“How can you be confident of the outcome if you’re not confident that your view is being heard?”

“One of the best mediators I know says she never begins a mediation without a demand on the table. It produces the issues.”

“I wonder if mediators need to take more control on some things instead of the lawyers and clients.”

“Often they go into mediation because they were ordered to go into mediation. What they try to get is cheap discovery.”

“When I see that one party is acting in bad faith I start to think I can’t resolve this and my enthusiasm goes away.”

Participants used the discussions to inform their voting. Votes were shown immediately, and panels of experts then discussed the questions and data, and took questions from conferees.

Although participants’ ideas and votes have not yet been added to the data from previous conferences, “the sophisticated real-time polling and interactive nature of the event will capture the best thinking about how to improve commercial dispute resolution from some of the most prominent and innovative corporate users, providers, and influencers of mediation, arbitration, and other ADR processes,” said Deborah Thompson Eisenberg, JD, professor of law and faculty director, Center for Dispute Resolution at Carey Law.

Eisenberg, along with Carey Law colleague Toby Treem Guerin, JD, managing director of the Center for Dispute Resolution at the University of Maryland Francis King Carey School of Law (C-DRUM), and Alan Weiner, JD, court ADR resources director at the Mediation and Conflict Resolution Office (MACRO), jointly coordinated the event.

An integral part of the law school, C-DRUM is a comprehensive dispute resolution center for policy, scholarship, and professional skill development relating to problem solving in law and society. C-DRUM’s mission is to collaborate with public and private institutions, groups, and individuals to study, enhance, and teach conflict resolution; to research and develop conflict resolution systems; and to promote effective, ethical dispute resolution in legal education and practice and in society more broadly.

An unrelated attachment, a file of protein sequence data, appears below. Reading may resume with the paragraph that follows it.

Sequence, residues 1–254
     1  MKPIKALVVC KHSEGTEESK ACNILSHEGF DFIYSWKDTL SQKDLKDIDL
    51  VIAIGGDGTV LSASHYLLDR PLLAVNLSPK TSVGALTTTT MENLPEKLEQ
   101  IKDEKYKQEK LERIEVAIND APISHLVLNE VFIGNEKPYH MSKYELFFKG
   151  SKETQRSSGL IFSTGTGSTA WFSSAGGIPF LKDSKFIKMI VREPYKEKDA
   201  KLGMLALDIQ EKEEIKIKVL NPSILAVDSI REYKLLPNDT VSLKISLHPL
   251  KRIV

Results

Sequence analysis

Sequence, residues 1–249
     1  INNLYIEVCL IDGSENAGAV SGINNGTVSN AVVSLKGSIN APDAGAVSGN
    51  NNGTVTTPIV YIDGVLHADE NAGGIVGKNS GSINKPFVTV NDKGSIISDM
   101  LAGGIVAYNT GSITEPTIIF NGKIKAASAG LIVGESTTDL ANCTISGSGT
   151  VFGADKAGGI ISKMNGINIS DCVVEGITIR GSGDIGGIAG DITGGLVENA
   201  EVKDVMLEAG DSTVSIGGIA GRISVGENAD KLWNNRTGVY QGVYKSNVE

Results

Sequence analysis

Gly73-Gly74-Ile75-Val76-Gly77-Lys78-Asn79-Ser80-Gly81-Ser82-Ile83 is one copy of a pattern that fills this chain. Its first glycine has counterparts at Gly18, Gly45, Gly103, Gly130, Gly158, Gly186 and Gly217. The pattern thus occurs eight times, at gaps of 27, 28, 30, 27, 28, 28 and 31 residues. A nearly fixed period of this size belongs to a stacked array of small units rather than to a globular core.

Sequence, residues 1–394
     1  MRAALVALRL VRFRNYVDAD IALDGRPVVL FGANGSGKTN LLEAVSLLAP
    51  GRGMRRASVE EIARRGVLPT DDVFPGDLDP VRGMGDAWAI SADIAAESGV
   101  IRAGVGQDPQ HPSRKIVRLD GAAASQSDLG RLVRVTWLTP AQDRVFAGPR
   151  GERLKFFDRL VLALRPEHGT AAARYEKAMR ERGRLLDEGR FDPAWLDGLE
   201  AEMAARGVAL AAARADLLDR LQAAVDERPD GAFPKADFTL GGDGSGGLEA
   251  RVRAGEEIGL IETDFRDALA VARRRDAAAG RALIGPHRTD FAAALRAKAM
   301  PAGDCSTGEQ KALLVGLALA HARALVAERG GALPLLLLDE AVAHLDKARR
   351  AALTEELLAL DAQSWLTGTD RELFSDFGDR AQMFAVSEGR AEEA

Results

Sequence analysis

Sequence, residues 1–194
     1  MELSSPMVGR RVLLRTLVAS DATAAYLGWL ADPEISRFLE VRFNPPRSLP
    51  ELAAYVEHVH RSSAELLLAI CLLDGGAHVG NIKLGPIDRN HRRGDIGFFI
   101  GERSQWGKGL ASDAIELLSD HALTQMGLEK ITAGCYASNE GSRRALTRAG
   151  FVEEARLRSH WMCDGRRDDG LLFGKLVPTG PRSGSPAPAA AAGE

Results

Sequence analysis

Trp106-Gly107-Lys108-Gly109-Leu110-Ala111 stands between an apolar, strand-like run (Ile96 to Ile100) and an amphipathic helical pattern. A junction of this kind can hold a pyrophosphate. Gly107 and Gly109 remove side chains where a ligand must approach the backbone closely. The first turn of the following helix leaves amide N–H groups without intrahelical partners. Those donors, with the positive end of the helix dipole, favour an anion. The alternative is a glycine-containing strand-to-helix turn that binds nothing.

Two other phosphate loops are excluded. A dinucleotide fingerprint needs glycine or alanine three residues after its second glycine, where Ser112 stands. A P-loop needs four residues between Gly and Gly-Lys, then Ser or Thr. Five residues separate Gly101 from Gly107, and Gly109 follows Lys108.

Through the education of law students and provision of conflict resolution services throughout the state of Maryland, C-DRUM furthers the law school's goal of maintaining high academic standards while providing service to the surrounding community.

MACRO fulfills its mission to promote the availability, use, and quality of alternative dispute resolution (ADR) throughout Maryland by:

  • collaborating with courts, ADR practitioner organizations, and other stakeholders to advance the field of conflict resolution
  • providing grants and technical assistance to support court, community, school and universities and government ADR programs and projects
  • providing training and presentations to courts, bar associations, and other organizations and groups for skill enhancement, professional growth, ethics matters, and public information and awareness
  • working to improve the quality of mediation services by managing the Maryland Program for Mediator Excellence (MPME)
  • supporting, conducting, and encouraging research and evaluation of ADR programs and processes
  • raising public awareness of ADR and supporting the appropriate use of ADR by people and groups experiencing conflict

The GPC was launched in Singapore in 2016 and will conclude in London later this year. Voting results are available for each event and in aggregate. A final report on the GPC series will be available after the conclusion of the series.